Decreasing winter hay feeding on the agenda

 

NASHVILLE, Tenn. – The Tennessee Forage and Grassland Council will hold its annual meeting and tradeshow on Friday, Nov. 8, at Ellington Agricultural Center’s Ed Jones Auditorium.
 
“This is an especially good year to make the effort to attend,” said Gary Bates, forage specialist with the University of Tennessee Institute of Agriculture. “Several practical questions that producers have will be dealt with during the presentations.”   
 
Jennifer Johnson, forage specialist from Auburn University, will provide information on practices to decrease winter hay feeding.  Forage quality and its impact on animal intake and performance will also be discussed, as well as several other topics.
 
Registration begins at 8:30 a.m. and the meeting begins at 9 a.m. CST.  A $25 registration fee covers the cost of membership in the Tennessee Forage and Grassland Council and lunch. The meeting will conclude by 3 p.m.

“This meeting is a great opportunity for any farmer who’s looking to produce forage and grasses as profitably as possible,” said Bates. “This is where Tennessee’s top producers will be, and if they can’t help you, they’ll know the other good producers in your area.”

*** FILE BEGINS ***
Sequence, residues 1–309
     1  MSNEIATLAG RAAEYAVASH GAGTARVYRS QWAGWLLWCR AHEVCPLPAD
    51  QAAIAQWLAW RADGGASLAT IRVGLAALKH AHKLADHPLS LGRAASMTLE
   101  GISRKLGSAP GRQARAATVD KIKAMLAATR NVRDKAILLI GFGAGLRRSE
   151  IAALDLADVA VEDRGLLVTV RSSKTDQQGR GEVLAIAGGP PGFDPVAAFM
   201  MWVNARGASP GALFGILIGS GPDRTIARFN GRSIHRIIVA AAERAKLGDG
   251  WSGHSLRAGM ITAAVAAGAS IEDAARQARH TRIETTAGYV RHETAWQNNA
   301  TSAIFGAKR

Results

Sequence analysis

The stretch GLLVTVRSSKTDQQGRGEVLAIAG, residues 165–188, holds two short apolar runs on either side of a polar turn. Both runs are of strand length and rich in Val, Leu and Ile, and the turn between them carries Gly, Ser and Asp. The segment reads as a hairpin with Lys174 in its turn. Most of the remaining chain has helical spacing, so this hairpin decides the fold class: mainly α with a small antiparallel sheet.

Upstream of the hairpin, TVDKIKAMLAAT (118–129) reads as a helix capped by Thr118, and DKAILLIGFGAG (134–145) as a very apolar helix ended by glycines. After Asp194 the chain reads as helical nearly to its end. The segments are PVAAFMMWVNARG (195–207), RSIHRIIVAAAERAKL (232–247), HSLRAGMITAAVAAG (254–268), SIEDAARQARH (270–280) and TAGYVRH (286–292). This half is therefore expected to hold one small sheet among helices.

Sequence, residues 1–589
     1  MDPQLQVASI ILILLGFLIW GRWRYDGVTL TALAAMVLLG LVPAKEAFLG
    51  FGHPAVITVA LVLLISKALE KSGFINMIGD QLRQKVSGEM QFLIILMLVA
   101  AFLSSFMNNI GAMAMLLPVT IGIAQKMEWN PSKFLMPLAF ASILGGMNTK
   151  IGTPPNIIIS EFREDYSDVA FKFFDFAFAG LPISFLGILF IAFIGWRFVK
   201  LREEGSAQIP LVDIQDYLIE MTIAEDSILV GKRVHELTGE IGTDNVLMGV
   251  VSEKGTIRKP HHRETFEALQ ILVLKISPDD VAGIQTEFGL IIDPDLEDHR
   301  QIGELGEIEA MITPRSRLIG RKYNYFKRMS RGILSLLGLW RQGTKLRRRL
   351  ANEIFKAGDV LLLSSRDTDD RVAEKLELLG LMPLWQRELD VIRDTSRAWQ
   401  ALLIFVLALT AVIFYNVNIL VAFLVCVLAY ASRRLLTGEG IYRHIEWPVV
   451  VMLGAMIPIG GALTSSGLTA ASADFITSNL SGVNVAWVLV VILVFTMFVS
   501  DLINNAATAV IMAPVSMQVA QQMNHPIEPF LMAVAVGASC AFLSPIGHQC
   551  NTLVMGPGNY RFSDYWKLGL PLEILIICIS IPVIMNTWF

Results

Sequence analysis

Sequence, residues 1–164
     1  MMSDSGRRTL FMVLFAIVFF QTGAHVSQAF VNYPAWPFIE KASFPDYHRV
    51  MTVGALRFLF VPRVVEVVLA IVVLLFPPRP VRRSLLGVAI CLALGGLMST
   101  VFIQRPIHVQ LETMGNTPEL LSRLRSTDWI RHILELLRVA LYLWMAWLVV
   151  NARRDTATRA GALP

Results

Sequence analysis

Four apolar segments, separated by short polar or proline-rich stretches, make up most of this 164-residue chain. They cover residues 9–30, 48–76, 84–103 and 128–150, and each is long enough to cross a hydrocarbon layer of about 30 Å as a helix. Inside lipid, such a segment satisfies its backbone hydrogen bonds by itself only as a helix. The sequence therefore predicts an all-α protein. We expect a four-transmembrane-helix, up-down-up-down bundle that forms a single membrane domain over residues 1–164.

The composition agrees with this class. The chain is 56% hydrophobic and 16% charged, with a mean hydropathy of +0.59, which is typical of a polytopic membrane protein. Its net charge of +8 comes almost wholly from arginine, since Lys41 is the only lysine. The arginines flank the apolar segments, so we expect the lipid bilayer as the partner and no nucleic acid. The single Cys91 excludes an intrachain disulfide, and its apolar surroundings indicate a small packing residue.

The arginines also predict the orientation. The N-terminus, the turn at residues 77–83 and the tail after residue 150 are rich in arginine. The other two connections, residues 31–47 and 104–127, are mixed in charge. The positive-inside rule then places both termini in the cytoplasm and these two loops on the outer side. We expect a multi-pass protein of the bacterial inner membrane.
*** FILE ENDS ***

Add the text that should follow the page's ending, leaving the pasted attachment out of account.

An accompanying trade show offers producers a look at and a lesson about the constantly changing technology necessary to make the best decisions for their farms and for their buyers. The day’s events also include a silent auction provided by the major seed, chemical and pharmaceutical companies participating in the tradeshow.
 
For more information about the Tennessee Forage and Grassland Council, contact your county’s UT Extension office or Bates at 865-974-7208.

UT Extension provides a gateway to the University of Tennessee as the outreach unit of the UT Institute of Agriculture. With an office in every Tennessee county, UT Extension delivers educational programs and research-based information to citizens throughout the state. In cooperation with Tennessee State University, UT Extension works with farmers, families, youth and communities to improve lives by addressing problems and issues at the local, state and national levels.

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Contact:

Dr. Gary Bates, UT Department of Plant Sciences, 865-974-7208